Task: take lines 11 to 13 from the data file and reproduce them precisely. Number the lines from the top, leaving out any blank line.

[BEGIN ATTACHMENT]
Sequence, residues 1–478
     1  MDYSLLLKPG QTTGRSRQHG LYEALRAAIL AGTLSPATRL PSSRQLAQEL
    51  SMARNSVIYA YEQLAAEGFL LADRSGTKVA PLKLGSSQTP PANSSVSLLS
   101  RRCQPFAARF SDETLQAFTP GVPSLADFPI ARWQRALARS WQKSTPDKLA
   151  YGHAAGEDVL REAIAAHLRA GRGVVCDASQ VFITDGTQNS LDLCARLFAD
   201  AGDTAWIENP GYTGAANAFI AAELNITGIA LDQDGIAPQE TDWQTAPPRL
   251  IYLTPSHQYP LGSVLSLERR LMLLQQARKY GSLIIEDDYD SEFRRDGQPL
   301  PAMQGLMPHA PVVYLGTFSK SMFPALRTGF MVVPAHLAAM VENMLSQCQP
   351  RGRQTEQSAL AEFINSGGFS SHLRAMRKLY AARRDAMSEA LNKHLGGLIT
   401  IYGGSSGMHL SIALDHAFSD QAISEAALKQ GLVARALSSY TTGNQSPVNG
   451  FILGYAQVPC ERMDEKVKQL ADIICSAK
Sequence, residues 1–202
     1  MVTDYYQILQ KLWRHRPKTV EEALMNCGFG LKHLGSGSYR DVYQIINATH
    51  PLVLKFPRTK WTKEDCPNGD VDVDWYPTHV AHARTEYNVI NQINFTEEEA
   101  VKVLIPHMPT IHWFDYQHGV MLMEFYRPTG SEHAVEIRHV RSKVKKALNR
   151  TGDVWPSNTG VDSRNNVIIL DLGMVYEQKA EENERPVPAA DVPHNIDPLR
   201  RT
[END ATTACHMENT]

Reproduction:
   451  FILGYAQVPC ERMDEKVKQL ADIICSAK
Sequence, residues 1–202
     1  MVTDYYQILQ KLWRHRPKTV EEALMNCGFG LKHLGSGSYR DVYQIINATH